NRH is a nonspecific response to the obliteration of small portal veins, this obliteration is usually due to:

  • Systemic vasculitis (RA, PAN, SLE, SS).
  • Portal vein thrombosis (hypercoagulable state).
  • Neoplastic infiltration (lymphoma).
  • Toxic injury by drugs (Methotrexate, Azathioprine).

All these causes are related to portal vein thrombosis and this thrombosis and obliteration induce the formation of NRH, so it is a neoplastic lesion in response to portal vein thrombosis and obliteration, NRH appears as micro-nodules (1-2 mm in diameter delineated by regions of atrophy without fibrous septa, NRH may be asymptomatic or presented with PHTN

Biliary and cystic lesions

  1. Bile duct adenoma.
  2. Biliary adenofibroma.
  3. Biliary Papillomatosis: Specific and unique neoplasm, Neoplasia of the biliary tree associated with thick mucus secretion that may cause biliary obstruction without obvious actual tumor mass.
  4. Simple hepatic cyst. Solitary non-parasitic cysts are usually developmental. Just follow-up.
  5. Polycystic disease: multiple cysts may involve the liver, lung, and kidney as part of systemic polycystic lung and kidney diseases.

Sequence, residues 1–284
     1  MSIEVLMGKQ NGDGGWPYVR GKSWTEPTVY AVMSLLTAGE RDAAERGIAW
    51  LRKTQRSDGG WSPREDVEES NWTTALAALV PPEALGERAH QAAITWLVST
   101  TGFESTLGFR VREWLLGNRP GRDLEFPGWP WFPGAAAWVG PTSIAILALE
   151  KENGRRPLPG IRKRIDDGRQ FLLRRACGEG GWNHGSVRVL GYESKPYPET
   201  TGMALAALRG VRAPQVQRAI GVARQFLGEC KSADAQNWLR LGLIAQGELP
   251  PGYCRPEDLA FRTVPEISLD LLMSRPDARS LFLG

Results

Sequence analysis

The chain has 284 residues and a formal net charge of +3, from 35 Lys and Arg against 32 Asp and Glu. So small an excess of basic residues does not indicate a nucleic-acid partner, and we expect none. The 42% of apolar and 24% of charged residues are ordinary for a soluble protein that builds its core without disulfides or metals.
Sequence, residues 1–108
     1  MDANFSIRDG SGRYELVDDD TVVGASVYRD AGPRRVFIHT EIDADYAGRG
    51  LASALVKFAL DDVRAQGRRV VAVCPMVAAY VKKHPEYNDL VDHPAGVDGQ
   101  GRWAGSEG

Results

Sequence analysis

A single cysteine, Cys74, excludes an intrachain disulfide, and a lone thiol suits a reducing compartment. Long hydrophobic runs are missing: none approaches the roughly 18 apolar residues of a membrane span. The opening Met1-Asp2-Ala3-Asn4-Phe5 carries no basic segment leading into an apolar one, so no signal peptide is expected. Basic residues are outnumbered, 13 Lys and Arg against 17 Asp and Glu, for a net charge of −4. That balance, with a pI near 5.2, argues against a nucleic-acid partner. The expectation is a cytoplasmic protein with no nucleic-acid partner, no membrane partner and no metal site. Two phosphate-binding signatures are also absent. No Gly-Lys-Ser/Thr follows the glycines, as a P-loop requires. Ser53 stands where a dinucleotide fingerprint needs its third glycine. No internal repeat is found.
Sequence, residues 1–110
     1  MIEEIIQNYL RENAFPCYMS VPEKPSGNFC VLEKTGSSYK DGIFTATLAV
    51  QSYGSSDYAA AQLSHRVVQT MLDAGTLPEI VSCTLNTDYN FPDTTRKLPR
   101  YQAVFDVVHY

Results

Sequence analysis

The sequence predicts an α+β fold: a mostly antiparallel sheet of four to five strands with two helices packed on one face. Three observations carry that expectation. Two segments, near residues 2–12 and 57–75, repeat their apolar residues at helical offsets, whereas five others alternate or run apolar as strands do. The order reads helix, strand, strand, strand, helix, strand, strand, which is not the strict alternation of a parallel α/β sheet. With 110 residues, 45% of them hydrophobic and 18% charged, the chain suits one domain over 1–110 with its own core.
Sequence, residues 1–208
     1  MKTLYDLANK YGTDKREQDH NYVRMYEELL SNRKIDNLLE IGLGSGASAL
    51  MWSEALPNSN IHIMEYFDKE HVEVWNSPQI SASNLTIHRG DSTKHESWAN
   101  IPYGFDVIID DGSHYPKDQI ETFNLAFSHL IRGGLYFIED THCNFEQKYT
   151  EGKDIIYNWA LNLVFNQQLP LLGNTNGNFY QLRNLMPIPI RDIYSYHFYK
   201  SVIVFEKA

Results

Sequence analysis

Mesenchymal tumors

Hemangloma (Cavernous Hemangioma)

  • It is the first and most common benign hepatic tumor occurring in 5-10% of the population.
  • Small lesions: They are asymptomatic.
  • Large or multiple lesions: May present with right hypochondrial pain, Mass effect, so it may cause pressure effects on nearby structures, Vascular bruit may be heard, Rupture is rare and malignant transformation does not occur.
  • Lesions may be enlarged during pregnancy and medication with OCP, so females in the childbearing period with Hemangioma should be followed for enlargement of the tumor and development of its complications.

Peliosis Hepatis

  • Blood-filled cavities BUT walls do not have well-developed structures as in hemangioma.
  • The history of anabolic steroids is usually positive.


The rare tumor occurs in women more than men (5:1) with a mean age in the fifth decade not occurring in the childbearing period like hepatocellular adenoma, usually solitary, Lesions have mixed histological pattern lipomatous, myomatous, angiomatous, and trabecular patterns of tumor.